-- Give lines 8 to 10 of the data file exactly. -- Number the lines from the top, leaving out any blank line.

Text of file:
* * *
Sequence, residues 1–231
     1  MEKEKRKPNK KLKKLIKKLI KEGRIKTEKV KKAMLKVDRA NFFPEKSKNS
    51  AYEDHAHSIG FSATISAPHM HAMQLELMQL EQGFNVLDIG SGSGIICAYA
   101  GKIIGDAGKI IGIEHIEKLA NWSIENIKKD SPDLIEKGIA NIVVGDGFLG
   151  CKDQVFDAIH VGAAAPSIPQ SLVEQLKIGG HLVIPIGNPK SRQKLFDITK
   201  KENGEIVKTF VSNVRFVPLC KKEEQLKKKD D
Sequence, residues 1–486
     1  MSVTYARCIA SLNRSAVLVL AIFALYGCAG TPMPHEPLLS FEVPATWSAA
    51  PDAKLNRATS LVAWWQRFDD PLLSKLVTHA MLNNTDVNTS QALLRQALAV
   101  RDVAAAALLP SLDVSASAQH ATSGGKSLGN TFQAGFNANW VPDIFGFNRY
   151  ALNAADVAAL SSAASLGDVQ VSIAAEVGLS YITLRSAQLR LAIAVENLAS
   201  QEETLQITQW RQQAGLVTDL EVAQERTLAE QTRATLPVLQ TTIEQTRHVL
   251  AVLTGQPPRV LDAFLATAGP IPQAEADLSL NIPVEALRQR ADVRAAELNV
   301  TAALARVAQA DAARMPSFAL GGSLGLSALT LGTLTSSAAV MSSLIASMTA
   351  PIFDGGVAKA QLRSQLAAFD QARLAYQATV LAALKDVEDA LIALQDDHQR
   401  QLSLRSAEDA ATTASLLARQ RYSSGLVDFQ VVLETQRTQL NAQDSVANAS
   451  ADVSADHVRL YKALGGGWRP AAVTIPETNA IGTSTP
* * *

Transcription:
     1  MSVTYARCIA SLNRSAVLVL AIFALYGCAG TPMPHEPLLS FEVPATWSAA
    51  PDAKLNRATS LVAWWQRFDD PLLSKLVTHA MLNNTDVNTS QALLRQALAV
   101  RDVAAAALLP SLDVSASAQH ATSGGKSLGN TFQAGFNANW VPDIFGFNRY